U.S. President George W. Bush delivered a philippic last week at the NATO summit in Prague, comparing Saddam Hussein to Adolf Hitler and calling on America's allies to join his crusade against Iraq.
Who says history doesn't repeat itself?
Flashback to 480 BC. Ultimatum from Persia to Athens: "Emperor Xerxes orders you to surrender your weapons and become an ally."
Message from Xerxes to his satraps - subordinate rulers within the mighty Persian Empire:
"I intend to ... march against Greece, and thereby gain vengeance on the Athenians who have wronged Persia and dared to injure me and my father!"
Ten years earlier, Xerxes' father, Darius, had attacked Athens but failed to crush the defiant little state. Now Xerxes was summoning his satraps to finish the job, warning that Athens was a threat to the entire civilized world.
Flash forward 2,482 years to Prague. Bush's cartoon characterization of Saddam Hussein as a second Hitler plays well in unworldly Peoria and the U.S. Bible Belt, but it produced derision or dismay among sophisticated continental Europeans, many of whom regard the sabre-rattling, imperial-minded Bush administration as more alarming than Iraq or Osama bin Laden.
Undaunted by such concerns, President Bush forged ahead with plans, first presented last September, to press NATO to deploy a 20,000-man rapid reaction force composed of European, Turkish, and Canadian troops whose prime mission would be to attack "rogue states, Islamic militants, and any other violators of the 'Pax Americana.'"
Subordinate 'allies' Washington is demanding its subordinate "allies" contribute troops whenever it so orders, just like Darius, Xerxes, and every feudal system and empire in history.
The British, ever the moon to America's sun, and the seven small former Soviet-ruled East European states just invited to join NATO, eagerly volunteered token troop contributions, but the rest of Europe was deeply troubled by the prospect of what the late West German defence minister Franz Josef Strauss aptly called "playing foot soldier to America's atomic knights."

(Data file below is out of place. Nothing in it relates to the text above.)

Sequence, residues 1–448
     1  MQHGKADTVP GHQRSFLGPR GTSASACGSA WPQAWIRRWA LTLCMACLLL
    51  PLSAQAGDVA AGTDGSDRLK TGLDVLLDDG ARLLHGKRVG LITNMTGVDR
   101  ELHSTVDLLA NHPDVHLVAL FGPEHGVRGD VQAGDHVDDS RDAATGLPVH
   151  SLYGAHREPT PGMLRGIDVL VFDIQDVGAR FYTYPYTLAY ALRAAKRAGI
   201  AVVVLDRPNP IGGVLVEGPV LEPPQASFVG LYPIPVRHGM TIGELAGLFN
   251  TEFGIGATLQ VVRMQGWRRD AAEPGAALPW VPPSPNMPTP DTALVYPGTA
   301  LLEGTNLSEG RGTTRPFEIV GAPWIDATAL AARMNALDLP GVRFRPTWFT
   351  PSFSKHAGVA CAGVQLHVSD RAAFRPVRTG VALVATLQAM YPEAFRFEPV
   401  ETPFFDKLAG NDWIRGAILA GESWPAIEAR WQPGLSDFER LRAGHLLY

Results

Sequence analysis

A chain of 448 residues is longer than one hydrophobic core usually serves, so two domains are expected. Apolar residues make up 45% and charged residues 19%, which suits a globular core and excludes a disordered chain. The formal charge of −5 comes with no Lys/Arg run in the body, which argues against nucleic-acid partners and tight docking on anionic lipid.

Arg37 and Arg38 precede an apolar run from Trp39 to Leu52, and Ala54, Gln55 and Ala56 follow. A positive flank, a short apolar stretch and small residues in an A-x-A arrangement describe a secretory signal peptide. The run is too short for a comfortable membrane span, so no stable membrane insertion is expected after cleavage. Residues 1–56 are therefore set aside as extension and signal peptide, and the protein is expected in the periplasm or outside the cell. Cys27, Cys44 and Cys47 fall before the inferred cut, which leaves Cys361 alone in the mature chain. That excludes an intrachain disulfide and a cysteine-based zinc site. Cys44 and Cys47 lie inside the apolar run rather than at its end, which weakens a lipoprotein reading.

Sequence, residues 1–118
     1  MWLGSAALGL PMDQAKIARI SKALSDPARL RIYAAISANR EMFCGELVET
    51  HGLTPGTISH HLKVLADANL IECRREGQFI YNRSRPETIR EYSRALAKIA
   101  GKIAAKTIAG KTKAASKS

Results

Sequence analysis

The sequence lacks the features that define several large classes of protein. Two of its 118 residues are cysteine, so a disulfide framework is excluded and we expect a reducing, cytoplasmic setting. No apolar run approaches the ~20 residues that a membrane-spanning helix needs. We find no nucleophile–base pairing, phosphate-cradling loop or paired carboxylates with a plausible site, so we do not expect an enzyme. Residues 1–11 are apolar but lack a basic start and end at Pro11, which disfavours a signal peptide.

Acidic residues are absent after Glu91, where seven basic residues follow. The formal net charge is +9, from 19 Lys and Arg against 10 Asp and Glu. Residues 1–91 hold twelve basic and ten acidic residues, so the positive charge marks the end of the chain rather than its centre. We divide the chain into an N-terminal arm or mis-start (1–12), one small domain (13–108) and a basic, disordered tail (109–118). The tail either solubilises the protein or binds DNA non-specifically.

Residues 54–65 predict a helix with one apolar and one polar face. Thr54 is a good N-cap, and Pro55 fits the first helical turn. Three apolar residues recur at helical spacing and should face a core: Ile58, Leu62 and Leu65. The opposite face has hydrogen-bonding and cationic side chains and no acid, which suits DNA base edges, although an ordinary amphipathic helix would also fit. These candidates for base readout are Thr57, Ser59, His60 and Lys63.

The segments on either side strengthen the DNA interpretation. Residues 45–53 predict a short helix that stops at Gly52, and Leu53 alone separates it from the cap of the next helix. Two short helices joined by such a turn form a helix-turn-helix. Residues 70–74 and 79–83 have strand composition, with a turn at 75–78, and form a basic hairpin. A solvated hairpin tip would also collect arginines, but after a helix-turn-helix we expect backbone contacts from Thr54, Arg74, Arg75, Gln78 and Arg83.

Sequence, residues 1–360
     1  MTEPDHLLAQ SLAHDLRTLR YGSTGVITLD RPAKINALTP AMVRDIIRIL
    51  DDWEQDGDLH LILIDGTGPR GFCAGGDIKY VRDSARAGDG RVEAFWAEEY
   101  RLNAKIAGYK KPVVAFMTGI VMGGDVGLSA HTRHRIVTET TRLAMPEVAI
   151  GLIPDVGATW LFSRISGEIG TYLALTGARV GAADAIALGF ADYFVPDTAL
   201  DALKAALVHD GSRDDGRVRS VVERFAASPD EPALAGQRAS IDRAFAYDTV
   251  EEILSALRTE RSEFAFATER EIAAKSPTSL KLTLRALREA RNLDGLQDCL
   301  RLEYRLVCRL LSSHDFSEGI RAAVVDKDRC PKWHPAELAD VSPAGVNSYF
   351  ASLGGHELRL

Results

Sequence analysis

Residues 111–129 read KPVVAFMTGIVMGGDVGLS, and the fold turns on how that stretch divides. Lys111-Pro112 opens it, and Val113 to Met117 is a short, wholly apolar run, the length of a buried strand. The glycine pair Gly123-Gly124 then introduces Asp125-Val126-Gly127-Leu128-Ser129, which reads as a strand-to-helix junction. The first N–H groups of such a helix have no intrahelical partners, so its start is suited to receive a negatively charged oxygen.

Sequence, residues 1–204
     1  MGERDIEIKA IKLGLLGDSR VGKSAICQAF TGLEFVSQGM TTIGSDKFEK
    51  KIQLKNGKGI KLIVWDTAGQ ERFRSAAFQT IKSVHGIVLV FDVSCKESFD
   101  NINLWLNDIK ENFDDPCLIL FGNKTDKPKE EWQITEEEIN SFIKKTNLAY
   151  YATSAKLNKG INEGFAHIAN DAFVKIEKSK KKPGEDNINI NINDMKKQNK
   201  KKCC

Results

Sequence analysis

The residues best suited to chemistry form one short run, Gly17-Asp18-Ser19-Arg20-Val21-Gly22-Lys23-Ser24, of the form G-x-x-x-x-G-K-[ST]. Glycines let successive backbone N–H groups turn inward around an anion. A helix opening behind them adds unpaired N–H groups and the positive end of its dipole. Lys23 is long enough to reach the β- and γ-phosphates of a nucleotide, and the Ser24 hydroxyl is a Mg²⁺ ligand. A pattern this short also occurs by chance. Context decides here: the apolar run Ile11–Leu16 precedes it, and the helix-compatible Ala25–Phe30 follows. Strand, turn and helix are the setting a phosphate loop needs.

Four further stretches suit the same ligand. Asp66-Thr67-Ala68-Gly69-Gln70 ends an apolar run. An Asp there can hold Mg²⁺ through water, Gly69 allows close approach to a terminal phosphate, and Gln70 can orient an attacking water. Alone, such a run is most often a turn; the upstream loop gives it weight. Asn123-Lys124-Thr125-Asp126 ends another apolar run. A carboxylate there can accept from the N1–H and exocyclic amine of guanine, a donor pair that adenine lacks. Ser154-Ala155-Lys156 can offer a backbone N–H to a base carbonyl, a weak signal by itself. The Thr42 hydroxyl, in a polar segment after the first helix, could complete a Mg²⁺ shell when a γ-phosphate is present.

After half a century of being an obedient junior partner to the U.S. (France excepted), a now united Europe is timidly asserting its independence, the most recent example being Germany's refusal to obey Bush's "ukase" to join his anti-Iraq jihad.
The European Union is struggling to form a 50,000-man European intervention force that America clearly sees as a rival to its own plan for a U.S.-directed Euro "rogue state" SWAT team. Europe's reaction force is designed for peacekeeping; the Bush administration wants its Euro-force to fight America's enemies.
The White House pushed hard for admission to NATO of militarily feeble Bulgaria, Romania, Slovenia and Slovakia. This was primarily because the U.S. needs their air bases as refuelling and logistical waypoints on an air bridge that extends from North America to new, permanent U.S. bases in the Mideast and Afghanistan.
These economically weak nations are quickly becoming U.S. dependencies, replacing increasingly "undependable" European allies like France and Germany. Even so, few noticed that the admission of these four states, plus Lithuania, Latvia and Estonia, would likely weaken instead of strengthening NATO by draining rather than adding to its military resources, and making its least capable members vulnerable to an inevitably resurgent Russia. As Frederick the Great observed, "He who defends everything, defends nothing."
Equally interesting was the dog that didn't bark: Russia. After Prague, Bush hurried off to see "my friend Vladimir Putin" to assure him that a western military alliance smack on Russia's western border and St. Petersburg was no threat at all, but somehow a benefit.
The reason the Russian dog didn't bark was twofold: Russia's military remains weak and absorbed by the bloody war in Chechnya; Putin and his supporters are heavily dependent on discreet U.S. funding to maintain their power and keep their cash-strapped government running.
At their meeting, the two leaders also likely finalized plans for Iraq: Putin would not stand in the way of an American invasion in exchange for Russian oil firms retaining their large drilling concessions in northern Iraq, and an honorarium from Uncle Sam of at least US $12 billion.
Flashback to 480 BC.
Xerxes: "At last I have found a way whereby we may at once win glory, get possession of a rich land and obtain satisfaction and revenge."
Epilogue: To everyone's surprise, the irksome Greeks ("Grecians" to George W. Bush) won.
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Copyright 2002 Toronto Sun, November 24, 2002